Tuesday, October 13, 2015

Detective Comics #44 (HERE BE SPOILERS!)

Buccellato really wraps up this arc nicely.  In fact, each arc just keeps getting tighter and tighter.  It already makes me excited about the next one.

In the end, this arc was really about re-establishing the Bullock/Montoya partnership.  Renée tells Harvey that she had to leave Gother (and him) to learn what she did in Blüdhaven, and he gets over his anger at her for leaving.  But, he can't have two partners, and it means that Yip has to go.  In truth, Buccellato gives her a better send-off than she deserved.  He had me going for a few pages that Harvey really did kill her, but eventually I figured that he simply rescued her from the burning car and let her slink into the night.  Instead, we learn that she went into the witness-protection program, turning on Stefano Falcone.  He had hired her to provide the seating chart for the circus not because he wanted to kill the VIPs (as everyone thought), but because he wanted to kill the cops attending the rehearsal that had refused to work with him.  It's a solid motive, one made all the clearer when he lets Yip live after he gives her the money, since he wants people that do work with him to know that they'll be rewarded.

I don't really have a problem with his motivation, but I still don't understand Yip's.  She tells Stefano that she worked with him since she realized that all the other cops in Gotham were in his pocket, so she might as well be.  I totally get that, but we don't learn why she immediately called Harvey after she takes the money.  I would buy her feeling enough guilt after a period of time to call, hurriedly confessing to the crime in time for Harvey to save everyone.  Instead, Buccellato essentially lets her have her cake and eat it, too:  she gets the blood money and a clean conscience.  But, if she had qualms about helping Stefano kill a bunch of cops, then why take the money in the first place?  Conversely, if her motivation came from the fact that she didn't care about the GCPD given how corrupt it was, then why feel guilt over a getting a bunch of cops killed?    Buccellato has her on a fine line here, as if she essentially only felt bad that clean cops would get killed so she makes the play to make everyone happy.  I'd rather the type of clear (and dark) motivation that we saw from Captain Watanabe in "Amazing Spider-Man: Spiral."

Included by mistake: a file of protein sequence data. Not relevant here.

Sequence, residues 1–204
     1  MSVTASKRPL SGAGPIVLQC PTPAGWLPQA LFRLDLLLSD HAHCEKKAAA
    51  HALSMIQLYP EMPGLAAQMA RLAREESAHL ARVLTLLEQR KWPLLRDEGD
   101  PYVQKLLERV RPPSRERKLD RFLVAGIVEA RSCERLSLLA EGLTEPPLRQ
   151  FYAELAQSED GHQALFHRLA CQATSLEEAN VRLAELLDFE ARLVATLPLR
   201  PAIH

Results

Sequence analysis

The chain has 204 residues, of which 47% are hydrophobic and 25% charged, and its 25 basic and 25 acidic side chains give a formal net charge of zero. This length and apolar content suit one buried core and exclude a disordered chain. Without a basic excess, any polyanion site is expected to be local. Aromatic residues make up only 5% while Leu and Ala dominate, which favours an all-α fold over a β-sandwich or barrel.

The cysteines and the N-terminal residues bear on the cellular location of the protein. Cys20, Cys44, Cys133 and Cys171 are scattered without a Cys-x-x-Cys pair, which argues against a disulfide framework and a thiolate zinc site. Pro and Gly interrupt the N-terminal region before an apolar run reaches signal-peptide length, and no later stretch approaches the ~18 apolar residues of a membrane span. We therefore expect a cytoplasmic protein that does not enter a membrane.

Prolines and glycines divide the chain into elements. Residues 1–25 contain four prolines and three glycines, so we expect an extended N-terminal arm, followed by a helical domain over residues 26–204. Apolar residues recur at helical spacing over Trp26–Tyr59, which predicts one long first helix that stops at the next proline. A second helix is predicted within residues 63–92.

Motivations aside, her departure clears the deck for Bullock and Montoya to reunite, so good riddance to bad rubbish, I say.  Along the way, Jim is forced to take down Joker's Daughter's Jokerbot, a reminder that sometimes Batman has a lot of competing priorities that we has to tackle.  Jim ends the issue sharing a beer with Harvey on the rooftop, so all's well that ends well.  Just like Layman's run on this title giving us a better set of Batman-focused stories than the main title did, I feel like Buccellato is following the same path, stripping away the mythos that often plagues "Batman" and just telling a good story.  Hopefully he keeps up the good work.

*** (three of five stars)

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